Kishnanagar Mosque

Overview of Kishnanagar Mosque

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Location Type: Heritage

Kishnanagar Mosque a multi-domed historic mosque in south Bengal located on the right-hand side of the Bagerhat-Shatgumbad road in the village of Kishnanagar, Bagerhat. Many of its original features have disappeared due to later repair works executed by the local people.
The mosque, inclusive of the octagonal towers on the exterior angles, measures 23.47m from north to south and 19.20m from east to west. The 1.83m thick walls are pierced with two-centred pointed archways - five in the eastern facade and two each on the north and south sides. The central archway in the east is slightly larger than the flanking ones. Inside the mosque, the western wall accommodates five arched mihrabs exactly in alignment with the five doorways in the east wall. The central mihrab, projected on the outside, is bigger than the side ones. The entrance openings are now provided with collapsible iron grilles, but the two on the north wall have been bricked up.
The building is internally divided into two longitudinal aisles and two bays by a row of four excessively short twelve-sided brick pillars. The interior of the mosque thus shows ten independent square units, each covered with a low dome. These domes, ten in all, are supported on intersecting arches in combination with the usual Bengali pendentives.
The decorations on the mosque, consisting only of terracotta, are now confined to the mihrabs and the exterior surface of the north and qibla walls, while the remaining portions of the building are covered with modern cement plaster. All the mihrabs are arched, with engrailing on their faces. The southernmost mihrab arch shows rosettes at its spandrels, while all the mihrab niches depict stylized hanging designs. The rectangular borders enclosing the mihrabs are now completely plain, but topped by a series of crests, an ornamental motif very commonly noticed in Bengal monuments. The vertically drawn sunken panels on the exterior faces of the qibla and north walls have at their bases a pair of boldly projected bands depicting lozenge patterns, while the spaces in between are ornamented with floral scrolls. The brick setting of delicate carved patterns in high relief form the pendentives below the domes.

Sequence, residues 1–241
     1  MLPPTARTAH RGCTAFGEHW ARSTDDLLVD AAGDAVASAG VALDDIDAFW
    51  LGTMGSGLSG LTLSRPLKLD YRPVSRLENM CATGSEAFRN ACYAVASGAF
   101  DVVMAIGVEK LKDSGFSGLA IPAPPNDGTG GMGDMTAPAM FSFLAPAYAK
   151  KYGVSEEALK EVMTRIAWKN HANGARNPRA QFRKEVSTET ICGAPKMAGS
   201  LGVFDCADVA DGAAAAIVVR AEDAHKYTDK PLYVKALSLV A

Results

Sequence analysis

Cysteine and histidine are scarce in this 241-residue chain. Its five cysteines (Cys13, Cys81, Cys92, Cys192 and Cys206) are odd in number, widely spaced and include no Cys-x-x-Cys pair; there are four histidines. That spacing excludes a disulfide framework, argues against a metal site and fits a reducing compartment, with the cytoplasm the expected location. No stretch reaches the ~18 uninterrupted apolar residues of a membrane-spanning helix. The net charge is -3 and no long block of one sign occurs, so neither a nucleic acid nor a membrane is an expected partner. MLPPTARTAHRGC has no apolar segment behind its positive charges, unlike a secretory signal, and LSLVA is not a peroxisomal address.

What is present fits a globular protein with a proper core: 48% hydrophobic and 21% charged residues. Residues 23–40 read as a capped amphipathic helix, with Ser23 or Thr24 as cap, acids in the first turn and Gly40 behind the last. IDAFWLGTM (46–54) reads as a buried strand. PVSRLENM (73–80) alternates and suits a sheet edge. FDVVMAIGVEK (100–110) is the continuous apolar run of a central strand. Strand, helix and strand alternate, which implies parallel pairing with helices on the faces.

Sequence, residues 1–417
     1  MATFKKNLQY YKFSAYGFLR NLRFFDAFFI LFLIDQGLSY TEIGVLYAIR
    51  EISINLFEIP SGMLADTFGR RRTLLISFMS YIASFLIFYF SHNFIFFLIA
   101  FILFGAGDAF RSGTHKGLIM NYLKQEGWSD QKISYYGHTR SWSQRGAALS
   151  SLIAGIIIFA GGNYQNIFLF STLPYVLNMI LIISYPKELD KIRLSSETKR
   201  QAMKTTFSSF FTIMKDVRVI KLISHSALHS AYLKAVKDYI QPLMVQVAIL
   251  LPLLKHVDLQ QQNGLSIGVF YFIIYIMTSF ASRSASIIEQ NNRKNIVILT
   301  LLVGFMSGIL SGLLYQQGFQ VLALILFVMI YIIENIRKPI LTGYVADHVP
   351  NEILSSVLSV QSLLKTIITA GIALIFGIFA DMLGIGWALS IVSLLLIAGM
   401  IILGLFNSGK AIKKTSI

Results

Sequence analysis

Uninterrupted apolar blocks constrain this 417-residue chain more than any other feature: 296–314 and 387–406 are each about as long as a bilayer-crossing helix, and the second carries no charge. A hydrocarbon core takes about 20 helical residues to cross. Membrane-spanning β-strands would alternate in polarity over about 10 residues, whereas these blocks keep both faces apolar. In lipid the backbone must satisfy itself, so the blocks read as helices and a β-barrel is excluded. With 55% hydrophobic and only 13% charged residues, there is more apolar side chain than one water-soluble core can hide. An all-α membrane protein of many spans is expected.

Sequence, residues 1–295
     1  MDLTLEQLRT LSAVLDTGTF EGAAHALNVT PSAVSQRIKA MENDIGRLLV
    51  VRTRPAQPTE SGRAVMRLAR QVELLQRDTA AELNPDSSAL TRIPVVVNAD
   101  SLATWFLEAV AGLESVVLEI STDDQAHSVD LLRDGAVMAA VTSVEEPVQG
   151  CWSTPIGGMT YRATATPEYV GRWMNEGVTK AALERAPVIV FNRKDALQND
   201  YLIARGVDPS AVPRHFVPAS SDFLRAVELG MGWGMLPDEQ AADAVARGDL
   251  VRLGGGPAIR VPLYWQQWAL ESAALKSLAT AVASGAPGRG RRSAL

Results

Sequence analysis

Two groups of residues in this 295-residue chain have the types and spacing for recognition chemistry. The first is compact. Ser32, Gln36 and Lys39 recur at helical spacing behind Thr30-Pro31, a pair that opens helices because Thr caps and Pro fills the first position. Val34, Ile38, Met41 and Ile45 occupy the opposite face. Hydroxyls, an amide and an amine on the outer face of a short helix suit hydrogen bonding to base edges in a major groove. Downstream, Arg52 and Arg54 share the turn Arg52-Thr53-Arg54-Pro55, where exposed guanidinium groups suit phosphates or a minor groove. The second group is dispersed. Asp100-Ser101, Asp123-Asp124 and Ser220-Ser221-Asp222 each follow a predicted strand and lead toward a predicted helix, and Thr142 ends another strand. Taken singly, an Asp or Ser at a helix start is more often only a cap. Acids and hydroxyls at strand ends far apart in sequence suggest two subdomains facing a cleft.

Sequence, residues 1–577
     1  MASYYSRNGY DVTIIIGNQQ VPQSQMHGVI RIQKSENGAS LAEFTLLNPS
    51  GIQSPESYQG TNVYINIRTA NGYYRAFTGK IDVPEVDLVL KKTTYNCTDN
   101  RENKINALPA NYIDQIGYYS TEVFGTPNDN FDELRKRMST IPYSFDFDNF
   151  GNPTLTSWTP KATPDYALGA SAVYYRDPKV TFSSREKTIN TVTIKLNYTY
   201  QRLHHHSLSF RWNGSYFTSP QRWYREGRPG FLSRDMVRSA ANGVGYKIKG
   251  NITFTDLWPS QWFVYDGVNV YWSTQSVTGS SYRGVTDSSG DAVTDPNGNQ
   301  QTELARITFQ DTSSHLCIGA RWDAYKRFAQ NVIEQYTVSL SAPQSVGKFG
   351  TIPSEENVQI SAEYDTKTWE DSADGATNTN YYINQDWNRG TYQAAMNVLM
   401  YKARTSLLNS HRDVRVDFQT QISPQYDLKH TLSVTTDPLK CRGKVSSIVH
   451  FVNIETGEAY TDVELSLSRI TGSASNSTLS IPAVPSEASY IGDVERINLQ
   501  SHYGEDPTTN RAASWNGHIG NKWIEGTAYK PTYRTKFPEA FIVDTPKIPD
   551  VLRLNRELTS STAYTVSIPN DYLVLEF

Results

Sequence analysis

The date of the mosque is not known. But the surviving architectural peculiarities of the mosque-the octagonal shape of the corner towers, the interior arrangement and the twelve facets of the pillars reveal its close affinity with the nearby six-domed mosque of the later Ilyas Shahi or Husain Shahi period. Local tradition ascribes the building to the Husain Shahi period and the existing architectural features corroborate of.

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